Dads (and moms) share favorite past gifts to inspire you this June 18.
Maybe your husband works long hours for not enough pay to take care of his family. Or he puts his hobbies on the back burner so he can support your children’s passions — and yours. If your spouse is the giving kind, why not “up the ante” on Father’s Day this year?
I’m not talking about spending more money than you usually do. What if — instead of purchasing a dress shirt or an expensive pair of concert tickets – -you gave your mate a low-cost, high-impact, gift? We asked dads (and moms) about favorite gifts from years past. Their answers provide a trove of ideas for presents dads will treasure, long after the calendar pages have turned:
Does your spouse hoard memories and mementoes of vacations and school years past? He might enjoy a photo gift.
“My husband travels a lot, so we had luggage tags made with the kids’ pictures on them,” says author and counselor Michele Nietert, married 14 years with two kids. “Once, the kids and I had photos made of the three of us for him (in red, white, and blue, because that combination’s his favorite). He is especially grateful for that picture, because he hates photo shoots!”
One year, I grabbed a printed picture of my two sons and me, purchased a square smooth tile at Home Depot, and used Mod Podge to attach the picture to the tile. I then put Mod Podge over it to seal the picture. My husband displayed it in his office.
Heather Enright, blogger and adoption social worker, posed her three kids three different times, so their bodies spelled out the letters in “Dad,” and then printed and framed the pictures as a Father’s Day present. “Years later, he still has it hanging up,” says Enright, married 22 years.
Handprint or fingerprint gifts
Does your sweetie travel away from home or work long hours at the office? Give him a gift to enjoy when he’s missing the kids. “Once, a studio took the kids’ fingerprints and turned them into a keychain fob, where my husband could touch his children’s fingerprints when he missed them,” Nietert adds.
Matt Bufkin, a banker from Granbury, Texas and father of three kids, noted: “My favorite Father’s Day gift is a wooden plaque my wife gave me years ago, with each of the kids’ handprints and a little saying on it. I still have it hanging in my office.”
Gifts from hobbies or collections
If your spouse is the kind who coaches Little League or runs the scout troop, he might enjoy a gift that takes effort, not cash, to implement.
“My son made a bear out of Legos one year. I’ve received similar sculptures over the years,” says Marcus Goodyear, a communications director with two kids.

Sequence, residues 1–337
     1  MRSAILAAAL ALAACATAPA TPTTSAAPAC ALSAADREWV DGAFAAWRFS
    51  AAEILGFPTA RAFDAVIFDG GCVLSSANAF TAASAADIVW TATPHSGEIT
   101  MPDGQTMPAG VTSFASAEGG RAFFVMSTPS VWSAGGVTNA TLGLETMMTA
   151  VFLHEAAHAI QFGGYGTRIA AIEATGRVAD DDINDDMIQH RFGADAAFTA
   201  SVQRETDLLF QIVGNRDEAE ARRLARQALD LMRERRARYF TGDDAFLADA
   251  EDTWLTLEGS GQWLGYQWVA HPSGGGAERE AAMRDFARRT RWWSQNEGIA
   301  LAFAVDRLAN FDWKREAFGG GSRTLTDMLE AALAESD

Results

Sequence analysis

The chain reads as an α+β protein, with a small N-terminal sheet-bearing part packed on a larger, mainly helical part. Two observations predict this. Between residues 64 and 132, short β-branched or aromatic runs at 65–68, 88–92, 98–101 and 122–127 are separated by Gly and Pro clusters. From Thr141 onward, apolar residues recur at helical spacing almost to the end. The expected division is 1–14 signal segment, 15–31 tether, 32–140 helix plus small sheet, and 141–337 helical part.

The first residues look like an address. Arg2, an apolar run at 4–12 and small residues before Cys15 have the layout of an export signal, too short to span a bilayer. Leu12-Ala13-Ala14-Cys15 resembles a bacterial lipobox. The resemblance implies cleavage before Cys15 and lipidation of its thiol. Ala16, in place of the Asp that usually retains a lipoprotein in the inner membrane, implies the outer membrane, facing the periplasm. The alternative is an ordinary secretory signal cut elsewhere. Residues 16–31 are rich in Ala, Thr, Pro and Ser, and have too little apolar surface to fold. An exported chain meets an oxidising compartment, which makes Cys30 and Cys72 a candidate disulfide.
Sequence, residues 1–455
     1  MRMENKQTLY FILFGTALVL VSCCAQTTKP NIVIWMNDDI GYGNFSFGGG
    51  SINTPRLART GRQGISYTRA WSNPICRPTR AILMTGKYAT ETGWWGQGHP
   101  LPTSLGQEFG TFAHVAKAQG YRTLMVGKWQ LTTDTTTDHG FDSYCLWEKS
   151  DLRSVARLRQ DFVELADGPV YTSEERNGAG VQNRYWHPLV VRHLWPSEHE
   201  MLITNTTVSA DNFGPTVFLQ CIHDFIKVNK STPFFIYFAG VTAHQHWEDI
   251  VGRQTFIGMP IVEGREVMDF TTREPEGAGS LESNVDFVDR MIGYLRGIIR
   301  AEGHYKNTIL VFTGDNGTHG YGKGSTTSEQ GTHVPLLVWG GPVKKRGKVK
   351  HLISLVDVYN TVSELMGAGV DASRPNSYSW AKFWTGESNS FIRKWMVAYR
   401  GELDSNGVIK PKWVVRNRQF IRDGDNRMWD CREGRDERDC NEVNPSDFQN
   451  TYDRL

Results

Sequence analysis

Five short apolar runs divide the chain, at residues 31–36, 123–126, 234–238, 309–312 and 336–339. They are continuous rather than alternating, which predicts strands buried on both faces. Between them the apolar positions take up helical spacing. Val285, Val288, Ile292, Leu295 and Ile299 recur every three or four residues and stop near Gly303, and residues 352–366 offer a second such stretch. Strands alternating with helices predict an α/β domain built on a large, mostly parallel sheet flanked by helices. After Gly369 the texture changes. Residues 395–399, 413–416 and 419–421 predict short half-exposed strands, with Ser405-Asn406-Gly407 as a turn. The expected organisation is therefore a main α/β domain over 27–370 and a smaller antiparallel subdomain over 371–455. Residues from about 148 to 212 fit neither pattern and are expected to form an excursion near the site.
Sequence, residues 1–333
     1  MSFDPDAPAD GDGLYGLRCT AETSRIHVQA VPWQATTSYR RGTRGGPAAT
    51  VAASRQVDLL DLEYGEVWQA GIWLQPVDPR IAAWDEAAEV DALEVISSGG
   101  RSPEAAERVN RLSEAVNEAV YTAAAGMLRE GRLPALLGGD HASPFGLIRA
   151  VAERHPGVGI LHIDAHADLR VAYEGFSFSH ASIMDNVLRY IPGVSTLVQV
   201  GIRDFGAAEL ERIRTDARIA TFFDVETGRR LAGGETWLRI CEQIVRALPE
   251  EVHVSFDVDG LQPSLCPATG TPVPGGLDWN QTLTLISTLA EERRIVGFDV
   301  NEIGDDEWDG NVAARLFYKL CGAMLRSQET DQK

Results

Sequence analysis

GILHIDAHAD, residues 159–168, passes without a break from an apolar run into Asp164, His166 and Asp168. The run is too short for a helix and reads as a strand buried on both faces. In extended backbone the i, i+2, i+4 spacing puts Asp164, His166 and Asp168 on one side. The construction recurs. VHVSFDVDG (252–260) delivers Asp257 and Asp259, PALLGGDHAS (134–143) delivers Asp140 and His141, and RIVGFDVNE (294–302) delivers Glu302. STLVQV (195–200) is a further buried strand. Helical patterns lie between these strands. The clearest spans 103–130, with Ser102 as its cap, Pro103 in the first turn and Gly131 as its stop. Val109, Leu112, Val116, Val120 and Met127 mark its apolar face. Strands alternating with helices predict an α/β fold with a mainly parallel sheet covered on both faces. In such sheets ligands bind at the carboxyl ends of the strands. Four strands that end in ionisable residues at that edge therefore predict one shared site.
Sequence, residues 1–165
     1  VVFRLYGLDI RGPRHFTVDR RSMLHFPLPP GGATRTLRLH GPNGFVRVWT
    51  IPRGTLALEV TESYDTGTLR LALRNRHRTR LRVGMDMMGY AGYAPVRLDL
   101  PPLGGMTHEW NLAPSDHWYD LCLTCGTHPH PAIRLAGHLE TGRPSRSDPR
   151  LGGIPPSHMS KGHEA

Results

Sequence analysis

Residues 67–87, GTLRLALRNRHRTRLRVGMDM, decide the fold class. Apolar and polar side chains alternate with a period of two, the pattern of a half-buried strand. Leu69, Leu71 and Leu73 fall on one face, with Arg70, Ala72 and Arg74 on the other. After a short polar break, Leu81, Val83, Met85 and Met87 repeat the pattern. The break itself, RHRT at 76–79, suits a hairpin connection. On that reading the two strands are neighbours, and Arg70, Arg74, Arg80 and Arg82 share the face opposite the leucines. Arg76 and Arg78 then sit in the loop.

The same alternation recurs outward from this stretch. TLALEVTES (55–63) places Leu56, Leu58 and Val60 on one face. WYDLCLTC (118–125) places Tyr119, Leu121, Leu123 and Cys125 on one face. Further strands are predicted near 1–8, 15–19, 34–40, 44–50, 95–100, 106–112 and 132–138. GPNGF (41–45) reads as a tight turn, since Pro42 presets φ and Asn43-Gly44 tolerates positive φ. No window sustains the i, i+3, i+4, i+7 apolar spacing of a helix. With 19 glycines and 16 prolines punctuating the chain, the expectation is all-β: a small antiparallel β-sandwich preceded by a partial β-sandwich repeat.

Mary Parsely Mustard, an educator from Texas with four kids, and married 32 years, notes: “My husband is happy when we’ve had a good home-cooked meal together (dessert definitely included). However, the best part is afterwards, when all three boys watch one of his favorite movies, like a John Wayne western, with him.”
Gifts of labor or time
Don’t forget to get your kids in on the action: engage them in making gifts with you, or on their own. Dads love it when their children expend effort on their behalf (my hubby loves homemade cards, and our boys can be counted on to think of funny ideas, complete with “inside” family jokes).
“When my two sons were little, they gave me a coupon book for things like movie time, hugs, or breakfast. I loved it,” John Morgan explains.
If your spouse is a fisherman and a candy lover, you could put together a “Daddy Tacklebox.”
The Fight for Fatherhood
“I woke up once to a sparkling clean car, inside and out,” says Paul Soupiset, a poet, artist, and brand strategist from San Antonio. He’s been married for 24 years and has 4 kids.
Wouldn’t that be a nice way to greet your hubby when he wakes up on Father’s Day?
Does your man likes to snack when he relaxes? Put together a “Pop Rocks” basket. He’ll think of you and the kids whenever he dives into the goodies.
“One year, I got a small Moleskin calendar-style notebook in my husband’s favorite color and on every day, we wrote something we liked/loved about him,” nurse and author Jordyn Redwood, married 19 years with two kids and living in Denver, says. “He cried — and he’s a man who rarely does.”
I did much the same thing using a large jar for my husband. The boys and I wrote things about him for which we were grateful on small colored pieces of paper. We then folded the pieces a few times and put them all in a jar which we labeled “Open When You Need a Smile.”
Another mom mentioned giving her hubby a printable survey with her child’s answers on it. Search on Pinterest for websites which have free Father’s Day surveys and questionnaires you can download.
Finally, you could purchase a journaling Bible and fill the journaling pages with dozens of prayers, memories and thoughts. Encourage your spouse to keep seeking God and making his family a priority. Thank him for the ways he sacrifices and serves.
Here’s a prayer to get you started:
“Father God, thank you for my husband. Thank you for his hard work through the years. Thank you for the way he loves You, our kids, and me. Grant him peace, health, safety, and joy. Keep him from temptation, and show him the way to go. May he meet with more and more success, but most of all, may He always seek You and Your kingdom first. Amen.”